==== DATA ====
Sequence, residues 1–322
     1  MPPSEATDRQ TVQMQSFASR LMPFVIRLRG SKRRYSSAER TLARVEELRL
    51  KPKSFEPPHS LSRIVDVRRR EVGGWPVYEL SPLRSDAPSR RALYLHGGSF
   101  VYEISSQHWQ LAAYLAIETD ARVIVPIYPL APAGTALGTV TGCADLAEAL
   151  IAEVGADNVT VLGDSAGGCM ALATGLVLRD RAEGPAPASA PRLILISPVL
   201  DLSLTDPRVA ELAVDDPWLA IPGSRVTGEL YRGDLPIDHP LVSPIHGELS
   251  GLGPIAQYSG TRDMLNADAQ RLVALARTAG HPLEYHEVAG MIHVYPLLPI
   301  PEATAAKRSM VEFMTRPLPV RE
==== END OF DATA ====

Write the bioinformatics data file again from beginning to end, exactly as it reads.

Sequence, residues 1–322
     1  MPPSEATDRQ TVQMQSFASR LMPFVIRLRG SKRRYSSAER TLARVEELRL
    51  KPKSFEPPHS LSRIVDVRRR EVGGWPVYEL SPLRSDAPSR RALYLHGGSF
   101  VYEISSQHWQ LAAYLAIETD ARVIVPIYPL APAGTALGTV TGCADLAEAL
   151  IAEVGADNVT VLGDSAGGCM ALATGLVLRD RAEGPAPASA PRLILISPVL
   201  DLSLTDPRVA ELAVDDPWLA IPGSRVTGEL YRGDLPIDHP LVSPIHGELS
   251  GLGPIAQYSG TRDMLNADAQ RLVALARTAG HPLEYHEVAG MIHVYPLLPI
   301  PEATAAKRSM VEFMTRPLPV RE